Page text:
For many of us, EU membership is important because it offers hope in preventing the country’s two all-powerful political parties from trampling on the rule of law.
Action by the European Parliament has taken to task the European Commission’s failures.
The European Parliament is now expected to approve a strongly worded resolution next Tuesday which calls on the police to commence investigations against the Prime Minister’s Chief of Staff Keith Schembri, Minister Konrad Mizzi, Nexia BT and Pilatus Bank.
This has been adopted by all parliamentary groups, including the Greens, the Liberals, the Conservatives, the European Left and the European Popular Party. The only exception is the Socialist group.
Such investigations – if conducted well – would be in our national interest and not against it. We reject the argument that Maltese MEPs who vote for this resolution are betraying their country. In fact, those MEPs voting against the resolution will be the ones betraying us, because they will be voting against a call for Malta to stand in line with European values.
The insular aversion to any criticism from international organisations, of which we form an integral part, is nothing short of a hangover from the country’s Mintoffian past. Then, criticism by politicians from other countries was branded as ‘foreign interference’.
The narrative has raised its ugly head again under a Labour administration with the same aim – silencing dissent. It betrays an anachronistic mind frame which has outlived the Labour Party’s conversion from its not so distant Eurosceptic past.
Labour MEP and former Labour Prime Minister Alfred Sant’s declaration that the PN is “orchestrating a joint effort to attack Malta’s reputation”, is a clear reminder of this outdated mentality. Moreover, Sant is not saying the truth: the resolution is supported by MEPs from European groups that have no connection with the PN.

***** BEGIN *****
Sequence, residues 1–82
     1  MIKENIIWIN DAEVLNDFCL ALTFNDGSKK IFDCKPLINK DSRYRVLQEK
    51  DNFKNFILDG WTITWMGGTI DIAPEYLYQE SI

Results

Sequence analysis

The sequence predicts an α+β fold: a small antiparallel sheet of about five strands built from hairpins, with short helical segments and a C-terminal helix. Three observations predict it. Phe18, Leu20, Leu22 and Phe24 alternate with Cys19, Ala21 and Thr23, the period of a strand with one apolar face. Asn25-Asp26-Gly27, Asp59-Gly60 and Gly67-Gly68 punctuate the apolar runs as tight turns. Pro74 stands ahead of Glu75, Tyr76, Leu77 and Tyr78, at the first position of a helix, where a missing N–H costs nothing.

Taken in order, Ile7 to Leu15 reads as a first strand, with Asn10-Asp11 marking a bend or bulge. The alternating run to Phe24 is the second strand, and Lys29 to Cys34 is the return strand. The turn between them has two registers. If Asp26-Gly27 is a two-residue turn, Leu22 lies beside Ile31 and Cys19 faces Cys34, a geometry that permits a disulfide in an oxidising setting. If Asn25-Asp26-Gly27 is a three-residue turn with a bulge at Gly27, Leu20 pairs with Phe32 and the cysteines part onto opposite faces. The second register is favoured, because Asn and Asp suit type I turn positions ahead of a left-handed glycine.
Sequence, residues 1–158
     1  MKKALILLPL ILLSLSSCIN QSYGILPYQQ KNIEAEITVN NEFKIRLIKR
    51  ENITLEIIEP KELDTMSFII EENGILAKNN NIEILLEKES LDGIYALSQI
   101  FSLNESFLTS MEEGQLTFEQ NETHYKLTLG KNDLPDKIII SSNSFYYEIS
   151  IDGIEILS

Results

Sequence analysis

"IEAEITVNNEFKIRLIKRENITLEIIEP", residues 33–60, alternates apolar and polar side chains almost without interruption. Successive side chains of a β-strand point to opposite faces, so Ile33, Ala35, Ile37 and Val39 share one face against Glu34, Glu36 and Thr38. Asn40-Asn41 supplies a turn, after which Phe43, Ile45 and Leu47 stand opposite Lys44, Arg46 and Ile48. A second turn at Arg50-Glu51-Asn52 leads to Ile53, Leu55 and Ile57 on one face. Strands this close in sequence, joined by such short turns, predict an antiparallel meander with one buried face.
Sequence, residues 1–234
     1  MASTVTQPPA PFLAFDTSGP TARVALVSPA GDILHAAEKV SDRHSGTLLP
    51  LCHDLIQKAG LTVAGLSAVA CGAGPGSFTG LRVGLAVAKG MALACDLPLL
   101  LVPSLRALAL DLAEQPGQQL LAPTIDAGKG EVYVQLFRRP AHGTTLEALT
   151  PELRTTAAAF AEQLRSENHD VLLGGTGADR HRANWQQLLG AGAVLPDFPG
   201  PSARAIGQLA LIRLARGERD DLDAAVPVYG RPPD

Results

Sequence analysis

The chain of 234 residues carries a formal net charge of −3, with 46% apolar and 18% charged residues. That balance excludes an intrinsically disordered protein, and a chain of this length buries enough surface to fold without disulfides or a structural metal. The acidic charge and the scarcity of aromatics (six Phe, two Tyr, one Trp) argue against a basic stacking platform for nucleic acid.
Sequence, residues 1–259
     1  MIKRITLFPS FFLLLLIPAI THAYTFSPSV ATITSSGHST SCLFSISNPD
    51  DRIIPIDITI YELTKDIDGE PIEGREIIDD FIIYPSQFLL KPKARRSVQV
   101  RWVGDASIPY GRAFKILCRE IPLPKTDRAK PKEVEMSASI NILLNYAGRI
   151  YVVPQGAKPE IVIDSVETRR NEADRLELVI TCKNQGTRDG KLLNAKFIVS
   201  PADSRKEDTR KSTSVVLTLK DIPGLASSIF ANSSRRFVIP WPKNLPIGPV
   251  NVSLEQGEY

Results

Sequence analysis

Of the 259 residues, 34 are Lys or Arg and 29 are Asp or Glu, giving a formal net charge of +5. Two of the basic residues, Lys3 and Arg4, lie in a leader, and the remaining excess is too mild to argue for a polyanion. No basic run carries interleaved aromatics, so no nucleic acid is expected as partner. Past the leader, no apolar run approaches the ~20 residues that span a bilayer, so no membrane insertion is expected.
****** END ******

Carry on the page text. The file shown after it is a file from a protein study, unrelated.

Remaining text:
Labour MEP Miriam Dalli chose to turn the tables on Nationalist MEP Roberta Metsola for voting against sending an EU delegation to investigate similar issues in Hungary, where the ruling party are members of the same European political group as the PN. Metsola hit back, saying the situation there did not to warrant a delegation.
Dalli failed to see that she is subject to the same criticism she unleashed on Metsola. Like her Socialist colleagues, she was very vociferous on Hungary but she is not supporting the resolution on Malta. What’s good for the goose is good for the gander.
It comes as no surprise that, on the eve of this important resolution on Malta, newspaper Illum resurrected old news by publishing an FIAU report which absolves Pilatus Bank from any wrong doing. The report was concluded in September 2016, a month after the resignation of FIAU Director Manfred Galdes, during whose term the original damning reports were written. The news that resurfaced today in Illum as ‘exclusive’ was published in The Times on 12 September.
The change of heart by the FIAU after the resignation of its director confirms the institutional crisis of the past two years which have seen a change in goalposts to accommodate the powers that be.